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Trust For Public Land HQ

Land for People

aka Trust for Public Land   |   Los Angeles, CA   |  www.tpl.org

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Mission

The Trust for Public Land's mission is to create parks and protect land for people, ensuring healthy, livable communities for generations to come.

Ruling year info

1978

President & CEO

Ms Diane Regas

Main address

PO Box 889336

Los Angeles, CA 90088-9336 USA

Show more contact info

EIN

23-7222333

NTEE code info

Land Resources Conservation (C34)

IRS filing requirement

This organization is required to file an IRS Form 990 or 990-EZ.

Sign in or create an account to view Form(s) 990 for 2022, 2021 and 2020.
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Communication

Blog

Programs and results

What we aim to solve

SOURCE: Self-reported by organization

The Trust for Public Land works to protect the places people care about and to create close-to-home parks—particularly in and near cities, where 80 percent of Americans live. Our goal is to ensure that every child has easy access to a safe place to play in nature.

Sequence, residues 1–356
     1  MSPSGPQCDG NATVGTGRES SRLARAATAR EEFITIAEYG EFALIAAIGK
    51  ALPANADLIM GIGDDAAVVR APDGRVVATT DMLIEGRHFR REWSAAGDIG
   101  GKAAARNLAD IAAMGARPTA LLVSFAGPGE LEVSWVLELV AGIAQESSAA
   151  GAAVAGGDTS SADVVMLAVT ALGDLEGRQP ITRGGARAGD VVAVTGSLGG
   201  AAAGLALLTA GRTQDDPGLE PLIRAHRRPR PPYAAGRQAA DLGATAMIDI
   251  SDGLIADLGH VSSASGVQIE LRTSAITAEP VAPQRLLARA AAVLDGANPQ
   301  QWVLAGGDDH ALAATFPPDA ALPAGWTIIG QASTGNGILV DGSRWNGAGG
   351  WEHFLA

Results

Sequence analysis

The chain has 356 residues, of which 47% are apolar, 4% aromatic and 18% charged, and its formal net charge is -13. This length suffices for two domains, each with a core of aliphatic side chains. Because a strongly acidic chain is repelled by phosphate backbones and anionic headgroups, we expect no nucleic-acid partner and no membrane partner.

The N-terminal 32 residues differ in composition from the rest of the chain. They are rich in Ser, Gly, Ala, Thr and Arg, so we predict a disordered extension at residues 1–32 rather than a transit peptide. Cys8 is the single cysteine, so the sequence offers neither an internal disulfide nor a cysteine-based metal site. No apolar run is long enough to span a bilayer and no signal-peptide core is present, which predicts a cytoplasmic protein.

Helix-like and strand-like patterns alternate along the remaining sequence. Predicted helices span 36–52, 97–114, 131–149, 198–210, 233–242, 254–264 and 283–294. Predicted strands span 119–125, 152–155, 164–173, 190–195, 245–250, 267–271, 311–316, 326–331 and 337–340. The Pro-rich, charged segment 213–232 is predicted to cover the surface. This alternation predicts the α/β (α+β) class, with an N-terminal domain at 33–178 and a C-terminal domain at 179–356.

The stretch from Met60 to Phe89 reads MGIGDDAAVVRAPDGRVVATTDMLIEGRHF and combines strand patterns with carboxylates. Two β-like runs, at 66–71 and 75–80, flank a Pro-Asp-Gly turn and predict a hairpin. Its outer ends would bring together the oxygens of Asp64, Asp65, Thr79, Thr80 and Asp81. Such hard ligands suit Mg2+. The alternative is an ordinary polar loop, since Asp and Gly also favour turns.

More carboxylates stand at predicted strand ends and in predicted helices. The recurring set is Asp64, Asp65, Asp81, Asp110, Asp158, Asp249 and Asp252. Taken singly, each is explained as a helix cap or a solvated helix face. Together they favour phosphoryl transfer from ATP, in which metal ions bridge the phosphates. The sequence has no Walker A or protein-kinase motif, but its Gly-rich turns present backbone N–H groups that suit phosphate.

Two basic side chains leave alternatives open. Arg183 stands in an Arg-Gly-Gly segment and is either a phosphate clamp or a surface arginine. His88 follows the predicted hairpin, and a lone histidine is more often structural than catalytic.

Our programs

SOURCE: Self-reported by organization

What are the organization's current programs, how do they measure success, and who do the programs serve?

Parks for People

The Trust for Public Land works in cities and suburbs across America to ensure that everyone, in particular every child, enjoys close-to-home access to a park, playground, garden, or natural area.

For the 80 percent of Americans who live in or near a city, neighborhood parks offer the closest connection to nature. Yet, today there is only 1 park for every 14,000 people in America. As a result, an entire generation is growing up disconnected from nature and the outdoors, missing out on the fun, fitness, and relaxation that parks provide.